A deeply revealing memoir of big wins and hard lessons from a seasoned executive caught smack in the middle of the trillion-dollar soft power struggle pitting China against Hollywood, the NBA, and American business.
“Paced like a thriller, with comparable doses of international intrigue and conflict, Chris Fenton’s bracingly candid business memoir Feeding the Dragon takes readers deep behind the scenes of Hollywood’s shaky foothold in China. Dealing at the highest levels with Chinese government officials and major American brands like Disney, Marvel, and the NBA, the former Olive Garden waiter-turned-entertainment-industry-power-broker disarmed and defied authorities on both sides of the superpower divide to make billions—and history.
Thanks to a brisk, page-turning storytelling style and an evenhanded, insider-level perspective decades in the making, Feeding the Dragon manages to be both timeless and timely. Captivating details on Robert Downey Jr., LeBron James, Kurt Cobain, Michael Phelps, and Marvel Universe creative mastermind Kevin Feige (among others) will enthrall average fans and aspiring moguls alike. But the beating narrative heart remains Fenton’s down-to-earth recounting of a headline-making journey. Ultimately, the intrepid exec builds a compelling case for the power of “cultural diplomacy”: mutually-beneficial, soft power-sharing exchanges as a better way forward than the hardliner battle lines being drawn across Beijing, Washington, and Los Angeles.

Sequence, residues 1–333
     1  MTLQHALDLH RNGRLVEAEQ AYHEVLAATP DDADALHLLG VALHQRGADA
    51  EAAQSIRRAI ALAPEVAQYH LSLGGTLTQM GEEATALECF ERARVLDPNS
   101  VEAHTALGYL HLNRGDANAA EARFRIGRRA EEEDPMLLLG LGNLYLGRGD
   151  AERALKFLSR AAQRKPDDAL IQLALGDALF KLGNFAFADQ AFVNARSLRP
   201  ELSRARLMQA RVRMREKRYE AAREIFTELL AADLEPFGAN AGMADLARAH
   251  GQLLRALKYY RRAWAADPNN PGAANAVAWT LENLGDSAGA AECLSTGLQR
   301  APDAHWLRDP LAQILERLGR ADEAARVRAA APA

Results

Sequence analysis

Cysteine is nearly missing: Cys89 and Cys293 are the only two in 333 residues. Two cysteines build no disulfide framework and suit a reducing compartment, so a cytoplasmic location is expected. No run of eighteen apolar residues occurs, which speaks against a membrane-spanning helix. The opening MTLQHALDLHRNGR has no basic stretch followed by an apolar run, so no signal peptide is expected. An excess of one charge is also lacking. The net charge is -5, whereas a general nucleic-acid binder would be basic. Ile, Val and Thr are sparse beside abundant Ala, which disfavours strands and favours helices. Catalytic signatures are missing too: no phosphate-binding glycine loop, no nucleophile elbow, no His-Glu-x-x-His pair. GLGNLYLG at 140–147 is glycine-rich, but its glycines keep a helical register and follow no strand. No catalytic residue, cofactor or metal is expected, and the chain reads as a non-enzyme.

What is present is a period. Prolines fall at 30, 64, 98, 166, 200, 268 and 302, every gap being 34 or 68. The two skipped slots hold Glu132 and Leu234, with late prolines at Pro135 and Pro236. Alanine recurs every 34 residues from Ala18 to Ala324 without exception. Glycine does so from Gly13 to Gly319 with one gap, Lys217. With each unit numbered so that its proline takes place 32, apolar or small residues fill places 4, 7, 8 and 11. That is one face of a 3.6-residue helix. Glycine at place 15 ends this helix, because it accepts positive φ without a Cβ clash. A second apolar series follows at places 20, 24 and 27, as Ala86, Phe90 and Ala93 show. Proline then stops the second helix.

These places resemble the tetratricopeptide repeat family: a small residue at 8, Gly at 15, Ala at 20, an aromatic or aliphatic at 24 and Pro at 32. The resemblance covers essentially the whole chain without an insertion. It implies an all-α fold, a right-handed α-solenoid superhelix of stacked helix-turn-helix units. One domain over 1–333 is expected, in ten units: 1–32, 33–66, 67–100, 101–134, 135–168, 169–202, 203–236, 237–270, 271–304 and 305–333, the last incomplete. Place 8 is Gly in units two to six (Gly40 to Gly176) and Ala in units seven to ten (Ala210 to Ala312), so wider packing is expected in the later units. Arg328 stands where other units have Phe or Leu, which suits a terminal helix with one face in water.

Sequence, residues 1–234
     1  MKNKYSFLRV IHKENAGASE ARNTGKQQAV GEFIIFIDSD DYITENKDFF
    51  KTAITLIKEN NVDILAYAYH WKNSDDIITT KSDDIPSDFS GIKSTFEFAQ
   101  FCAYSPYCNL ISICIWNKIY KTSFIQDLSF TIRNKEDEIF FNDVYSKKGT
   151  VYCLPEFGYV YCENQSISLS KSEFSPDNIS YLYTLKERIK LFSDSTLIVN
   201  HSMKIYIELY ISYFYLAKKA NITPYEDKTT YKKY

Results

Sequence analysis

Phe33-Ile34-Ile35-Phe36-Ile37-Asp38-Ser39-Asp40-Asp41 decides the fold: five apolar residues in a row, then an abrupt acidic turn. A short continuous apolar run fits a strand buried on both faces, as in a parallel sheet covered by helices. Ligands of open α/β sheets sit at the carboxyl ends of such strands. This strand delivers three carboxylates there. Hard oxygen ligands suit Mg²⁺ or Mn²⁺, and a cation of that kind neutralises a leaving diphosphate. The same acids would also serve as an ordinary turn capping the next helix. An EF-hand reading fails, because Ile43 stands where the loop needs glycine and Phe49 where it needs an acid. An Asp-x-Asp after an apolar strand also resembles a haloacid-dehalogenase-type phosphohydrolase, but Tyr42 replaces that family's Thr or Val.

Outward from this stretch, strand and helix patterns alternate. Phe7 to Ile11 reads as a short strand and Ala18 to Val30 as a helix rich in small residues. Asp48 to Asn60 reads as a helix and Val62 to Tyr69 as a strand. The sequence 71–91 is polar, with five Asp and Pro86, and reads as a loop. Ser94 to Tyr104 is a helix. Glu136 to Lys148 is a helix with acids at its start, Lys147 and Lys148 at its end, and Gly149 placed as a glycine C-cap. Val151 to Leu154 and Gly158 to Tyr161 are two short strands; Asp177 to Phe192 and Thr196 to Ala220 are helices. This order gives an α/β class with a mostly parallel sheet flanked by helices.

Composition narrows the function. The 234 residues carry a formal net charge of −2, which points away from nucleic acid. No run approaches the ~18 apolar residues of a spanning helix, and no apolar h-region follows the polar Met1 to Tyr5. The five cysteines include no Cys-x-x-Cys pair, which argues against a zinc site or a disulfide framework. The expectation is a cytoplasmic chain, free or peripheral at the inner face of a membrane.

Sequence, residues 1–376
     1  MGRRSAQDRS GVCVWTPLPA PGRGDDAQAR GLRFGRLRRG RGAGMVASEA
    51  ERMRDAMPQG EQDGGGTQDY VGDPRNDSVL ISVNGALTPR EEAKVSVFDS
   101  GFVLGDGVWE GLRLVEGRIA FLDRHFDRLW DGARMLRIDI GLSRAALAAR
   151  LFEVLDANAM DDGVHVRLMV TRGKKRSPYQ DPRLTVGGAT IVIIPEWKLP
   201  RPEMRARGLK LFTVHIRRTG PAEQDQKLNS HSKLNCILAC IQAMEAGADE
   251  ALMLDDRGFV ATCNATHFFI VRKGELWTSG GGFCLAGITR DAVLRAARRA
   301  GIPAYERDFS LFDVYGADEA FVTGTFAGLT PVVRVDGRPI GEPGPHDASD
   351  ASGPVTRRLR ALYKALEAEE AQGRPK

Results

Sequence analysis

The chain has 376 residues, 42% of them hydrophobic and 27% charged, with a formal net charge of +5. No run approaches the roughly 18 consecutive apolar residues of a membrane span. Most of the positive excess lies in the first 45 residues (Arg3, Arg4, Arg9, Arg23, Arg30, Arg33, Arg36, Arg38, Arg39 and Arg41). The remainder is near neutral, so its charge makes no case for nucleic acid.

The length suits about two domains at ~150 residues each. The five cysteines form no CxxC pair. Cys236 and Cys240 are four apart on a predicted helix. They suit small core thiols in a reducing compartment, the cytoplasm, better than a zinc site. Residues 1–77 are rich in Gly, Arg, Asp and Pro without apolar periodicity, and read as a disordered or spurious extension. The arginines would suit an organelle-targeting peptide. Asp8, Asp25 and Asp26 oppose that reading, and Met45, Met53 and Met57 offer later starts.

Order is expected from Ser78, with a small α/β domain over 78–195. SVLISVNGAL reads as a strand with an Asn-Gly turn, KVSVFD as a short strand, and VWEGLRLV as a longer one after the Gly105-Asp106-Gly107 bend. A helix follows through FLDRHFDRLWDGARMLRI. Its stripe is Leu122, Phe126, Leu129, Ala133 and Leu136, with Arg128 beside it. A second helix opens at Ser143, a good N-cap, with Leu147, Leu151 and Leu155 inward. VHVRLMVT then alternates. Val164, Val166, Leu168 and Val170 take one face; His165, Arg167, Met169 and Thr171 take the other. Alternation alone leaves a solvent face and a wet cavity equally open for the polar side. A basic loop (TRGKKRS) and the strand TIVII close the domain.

Teeming with urgent insights about unlikely alliances and dangerous misperceptions, Feeding the Dragon is a must-read for anyone interested in the future of the US-China relationship and the bottom-line realities of show business and professional sports today. Even better, it’s a supremely entertaining ride for anyone who simply loves a great story….
Chris often told me about projects and plans off-the-record that I wouldn’t have reported on anyway, because they all seemed wildly improbable. Every single one came true. And now they’re all down on the page.”
—Jamie Bryan, Fast Company contributor